Voxer allows educators to post pictures, share resources, leave voice messages, and post text messages. You can form a group with your grade level team, with educators in other states, or with your mentor. Voxer has great potential for educators as a reflection tool. An online document lists several educators who are on Voxer and it cites education topics they are passionate about. You may join a group that discusses Whole Child Education or another group that shares ideas about Genius Hour. Reflecting is as simple as leaving your thoughts by voice or text. Brad Currie, a blogger, tweeter, and ASCD Emerging Leader wrote, “The great thing about this experience is that participants, including myself, can hear the emotion that others bring to the discussion. It's one thing to read a tweet and a whole other thing to listen to someone speak to a particular topic. That's why Voxer is so unique.”



ASCD EDge is an online community of educators.  You can post a blog, read and respond to blogs written by educators, participate in groups, or post a question.  Groups on ASCD EDge focus on a specific topic such as whole child, leadership in schools, assessment for learning, financial literacy, and middle school science.  ASCD EDge may be the best place to begin your journey.  It is easier to find educators with common interests than it is on Twitter or Voxer.  Several of the educators I communicate with on Twitter are people I met through ASCD EDge.  Since its launch in late 2009, the ASCD EDge social networking community for educators has drawn more than 70,000 people from 149 countries. ASCD EDge hosts more than 2,700 blog posts and 200 groups, with more added daily.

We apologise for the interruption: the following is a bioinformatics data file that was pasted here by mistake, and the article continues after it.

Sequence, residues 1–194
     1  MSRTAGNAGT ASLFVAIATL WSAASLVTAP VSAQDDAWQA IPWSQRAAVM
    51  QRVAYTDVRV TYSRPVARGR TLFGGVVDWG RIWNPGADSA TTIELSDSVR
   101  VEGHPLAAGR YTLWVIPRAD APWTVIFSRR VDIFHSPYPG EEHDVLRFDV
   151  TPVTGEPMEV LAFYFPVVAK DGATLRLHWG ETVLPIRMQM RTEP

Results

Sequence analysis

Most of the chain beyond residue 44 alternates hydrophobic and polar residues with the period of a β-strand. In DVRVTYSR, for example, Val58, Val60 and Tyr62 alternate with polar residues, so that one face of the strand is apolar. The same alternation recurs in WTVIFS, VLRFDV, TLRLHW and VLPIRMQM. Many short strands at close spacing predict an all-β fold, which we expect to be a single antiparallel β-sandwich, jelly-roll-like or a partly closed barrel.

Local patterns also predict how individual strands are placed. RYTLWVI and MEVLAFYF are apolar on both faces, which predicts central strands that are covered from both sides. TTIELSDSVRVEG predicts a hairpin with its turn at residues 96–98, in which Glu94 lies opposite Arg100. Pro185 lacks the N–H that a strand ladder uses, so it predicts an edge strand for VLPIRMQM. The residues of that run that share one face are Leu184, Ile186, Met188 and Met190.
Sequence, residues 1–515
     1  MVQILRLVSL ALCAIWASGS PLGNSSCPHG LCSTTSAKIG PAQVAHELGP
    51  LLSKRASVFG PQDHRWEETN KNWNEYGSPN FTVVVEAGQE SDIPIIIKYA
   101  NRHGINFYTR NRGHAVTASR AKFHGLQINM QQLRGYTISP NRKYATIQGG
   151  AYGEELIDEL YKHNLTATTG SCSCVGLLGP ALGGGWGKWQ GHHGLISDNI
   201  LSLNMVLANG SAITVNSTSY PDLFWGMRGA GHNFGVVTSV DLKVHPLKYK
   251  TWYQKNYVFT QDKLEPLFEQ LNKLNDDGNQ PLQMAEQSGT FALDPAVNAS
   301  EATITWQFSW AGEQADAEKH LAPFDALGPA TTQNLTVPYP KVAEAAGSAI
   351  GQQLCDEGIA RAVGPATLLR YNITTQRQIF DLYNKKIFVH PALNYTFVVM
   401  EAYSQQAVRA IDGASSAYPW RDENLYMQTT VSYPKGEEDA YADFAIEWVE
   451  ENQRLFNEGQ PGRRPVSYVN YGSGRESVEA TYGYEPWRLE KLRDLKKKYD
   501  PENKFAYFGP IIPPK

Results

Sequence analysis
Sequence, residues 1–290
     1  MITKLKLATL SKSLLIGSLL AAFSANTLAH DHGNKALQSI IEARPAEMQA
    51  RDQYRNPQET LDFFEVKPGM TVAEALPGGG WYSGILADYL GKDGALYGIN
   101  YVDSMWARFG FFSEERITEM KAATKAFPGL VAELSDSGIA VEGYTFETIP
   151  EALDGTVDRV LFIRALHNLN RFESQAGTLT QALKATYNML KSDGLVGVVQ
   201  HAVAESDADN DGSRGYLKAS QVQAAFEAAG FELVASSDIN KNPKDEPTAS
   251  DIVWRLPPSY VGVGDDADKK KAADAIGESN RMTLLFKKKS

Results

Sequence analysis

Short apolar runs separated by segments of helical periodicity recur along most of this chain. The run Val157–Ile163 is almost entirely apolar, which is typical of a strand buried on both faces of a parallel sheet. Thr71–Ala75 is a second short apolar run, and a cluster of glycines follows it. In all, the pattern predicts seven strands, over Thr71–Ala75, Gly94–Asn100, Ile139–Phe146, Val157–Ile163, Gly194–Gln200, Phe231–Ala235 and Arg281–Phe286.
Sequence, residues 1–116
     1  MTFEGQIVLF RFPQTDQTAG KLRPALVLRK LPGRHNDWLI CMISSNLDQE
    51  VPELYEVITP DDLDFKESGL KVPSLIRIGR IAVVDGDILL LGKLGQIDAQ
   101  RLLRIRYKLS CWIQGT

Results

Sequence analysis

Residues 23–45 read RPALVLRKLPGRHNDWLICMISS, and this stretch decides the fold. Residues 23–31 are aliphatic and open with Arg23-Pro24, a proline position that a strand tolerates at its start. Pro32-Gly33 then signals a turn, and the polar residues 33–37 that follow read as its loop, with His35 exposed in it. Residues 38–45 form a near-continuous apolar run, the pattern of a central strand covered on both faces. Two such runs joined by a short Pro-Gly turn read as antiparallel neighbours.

The Power of a PLN

More schools are moving towards blended learning, bring your own device (BYOD), and 1:1 classrooms.  Teachers did not learn how to teach in a blended learning classroom, so there will be several times throughout the year that a teacher says “IDK.”  Another example of change in schools is learning space.  You may want to transform the learning space in your classroom, but you don’t know where to begin.  In 2014, Erin Klein, Ben Gilpin, A.J. Juliani, and Tom Murray created the Classroom Crib Challenge.  This is another example of a PLN.  If you choose not to participate in the Classroom Crib Challenge by posting a video of your learning space, you could still learn how to create a different learning environment for students by watching the videos and following the teachers on Twitter.

The next time you say, “IDK” go to your PLN.  A PLN should be a safe place where you can ask for support.  You can post a question on Twitter, Voxer, or ASCD EDge 24/7.  The topic that is a struggle for you may be another educator’s passion.  Social media provides educators with a way to find answers and support.  When you ask for help, you will find strategies and resources that you never knew existed!  Where do you begin?  Begin with IDK!

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05 May 15, 12:33 PM

This is part of what Mike Fisher and I included in our book - Upgrade Your Curriculum: Practical Ways to Transform Units and Engage Students. We recommend creating "Orbits of Ability," which can be in person and digitally using PLNs! Thanks for your passion and post, Steven!